Naegleria fowleri InternationalIndiaAfricaAn alert warning residents about the Naegleria fowleri infection was issued by the Florida Department of Health in Charlotte County in February, after it confirmed one case of infection with the microscopic single-celled living amoeba.A man in Charlotte County, Florida, has died after being infected with brain-eating amoeba Naegleria fowleri, a news release from the Florida Department of Health in Charlotte County confirmed.
"An epidemiological investigation is being conducted to understand the unique circumstances of this infection. I can confirm the infection unfortunately resulted in a death, and any additional information on this case is confidential to protect patient privacy," Jae Williams, press secretary for the Florida Department of Health, told the press.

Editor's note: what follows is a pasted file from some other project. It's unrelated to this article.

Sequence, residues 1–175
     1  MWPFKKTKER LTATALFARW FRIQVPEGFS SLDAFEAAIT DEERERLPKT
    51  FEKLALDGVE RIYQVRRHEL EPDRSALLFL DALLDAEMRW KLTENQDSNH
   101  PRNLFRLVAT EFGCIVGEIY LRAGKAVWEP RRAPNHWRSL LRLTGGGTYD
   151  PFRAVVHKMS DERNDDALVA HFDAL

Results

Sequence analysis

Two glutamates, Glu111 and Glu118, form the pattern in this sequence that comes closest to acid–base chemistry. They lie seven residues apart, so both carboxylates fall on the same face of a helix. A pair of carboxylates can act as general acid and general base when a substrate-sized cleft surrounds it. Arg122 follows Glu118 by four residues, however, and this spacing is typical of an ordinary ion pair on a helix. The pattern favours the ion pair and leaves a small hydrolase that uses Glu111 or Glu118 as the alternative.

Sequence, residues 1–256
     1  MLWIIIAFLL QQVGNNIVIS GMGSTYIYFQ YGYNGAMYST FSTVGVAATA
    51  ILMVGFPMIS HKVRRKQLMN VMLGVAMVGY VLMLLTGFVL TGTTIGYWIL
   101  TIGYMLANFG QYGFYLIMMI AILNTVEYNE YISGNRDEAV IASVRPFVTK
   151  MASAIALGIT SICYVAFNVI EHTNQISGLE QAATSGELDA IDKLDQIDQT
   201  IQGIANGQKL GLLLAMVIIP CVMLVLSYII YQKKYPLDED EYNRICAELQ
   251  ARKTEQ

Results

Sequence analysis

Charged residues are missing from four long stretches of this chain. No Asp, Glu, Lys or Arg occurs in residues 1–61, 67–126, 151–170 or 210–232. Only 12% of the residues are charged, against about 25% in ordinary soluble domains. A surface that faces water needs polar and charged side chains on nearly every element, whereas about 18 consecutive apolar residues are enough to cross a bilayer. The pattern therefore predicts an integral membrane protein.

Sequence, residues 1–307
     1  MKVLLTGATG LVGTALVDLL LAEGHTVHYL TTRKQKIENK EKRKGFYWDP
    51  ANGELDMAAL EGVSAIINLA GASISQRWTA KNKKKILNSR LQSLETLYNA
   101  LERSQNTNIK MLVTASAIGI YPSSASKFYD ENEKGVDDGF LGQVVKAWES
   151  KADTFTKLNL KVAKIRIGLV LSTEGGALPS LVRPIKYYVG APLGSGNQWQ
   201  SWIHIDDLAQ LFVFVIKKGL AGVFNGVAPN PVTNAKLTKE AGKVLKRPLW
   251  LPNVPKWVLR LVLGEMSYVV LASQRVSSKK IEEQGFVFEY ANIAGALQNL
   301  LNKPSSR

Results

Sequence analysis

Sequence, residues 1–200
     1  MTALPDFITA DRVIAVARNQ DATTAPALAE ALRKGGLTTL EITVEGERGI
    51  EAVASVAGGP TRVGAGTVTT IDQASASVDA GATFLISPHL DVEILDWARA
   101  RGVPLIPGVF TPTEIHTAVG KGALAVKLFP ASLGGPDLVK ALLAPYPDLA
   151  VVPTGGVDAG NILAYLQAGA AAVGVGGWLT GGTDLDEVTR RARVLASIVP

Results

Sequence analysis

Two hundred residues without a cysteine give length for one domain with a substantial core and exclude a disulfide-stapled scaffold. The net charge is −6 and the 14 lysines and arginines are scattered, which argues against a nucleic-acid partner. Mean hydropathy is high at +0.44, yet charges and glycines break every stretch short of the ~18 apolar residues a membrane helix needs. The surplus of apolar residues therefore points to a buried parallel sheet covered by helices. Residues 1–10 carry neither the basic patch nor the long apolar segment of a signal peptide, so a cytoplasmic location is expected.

It was added that the case, which was confirmed back in late February, could have resulted from “sinus rinse practices utilizing tap water.”Officials yet again strongly advised residents to use special sinus solutions based on distilled or sterile water, and explained the need for boiling tap water for at least one minute and then being cooled before sinus rinsing.To allay apprehensions, Jae Williams added:“Infection with Naegleria fowleri is rare and can only happen when water contaminated with amoebae enters the body through the nose. You cannot be infected by drinking tap water.”Sputnik ExplainsAll You Need to Know About ‘Brain-Eating Amoeba’ as First Death Confirmed in South Korea27 December 2022, 09:52 GMTNaegleria fowleri, known as the “brain-eating amoeba,” is a single-cell organism particularly tailored to inhabiting warm freshwater and soil. Its preferred habitat, where it enjoys its highest reproductive rate, is a warm freshwater environment, such as lakes, rivers, and geothermal hot springs. The unicellular organism can also live in damp soil.In the case of human infections, the thermophilic amoeba travels up through the nose via the nasal mucosa during water activities, especially involving diving. This can also happen when people cleanse their sinuses using contaminated water. As the amoeba travels up the nose to the brain and spinal cord, it devours erythrocytes, also called red blood cells, and nerve cells, triggering inflammation and destruction of the brain tissue. The result is a rare and very severe disease called primary amoebic meningoencephalitis (PAM). The disease cannot be spread by people via human contact.News of the Florida death triggered a swift reaction on the Internet, with many resorting to dark humor, commenting that a “new fear was unlocked,” in reference to the coronavirus pandemic scare that has gripped the world for the past three years.© Photo : TwitterTwitter screenshot.Twitter screenshot.© Photo : TwitterTwitter screenshot.Twitter screenshot.© Photo : TwitterTwitter screenshot.Twitter screenshot.© Photo : TwitterTwitter screenshot.Twitter screenshot.© Photo : TwitterTwitter screenshot.Twitter screenshot.Many also drew parallels with “The Last of Us,” an action-adventure survival horror game franchise set in a post-apocalyptic US.© Photo : TwitterTwitter screenshot.Twitter screenshot.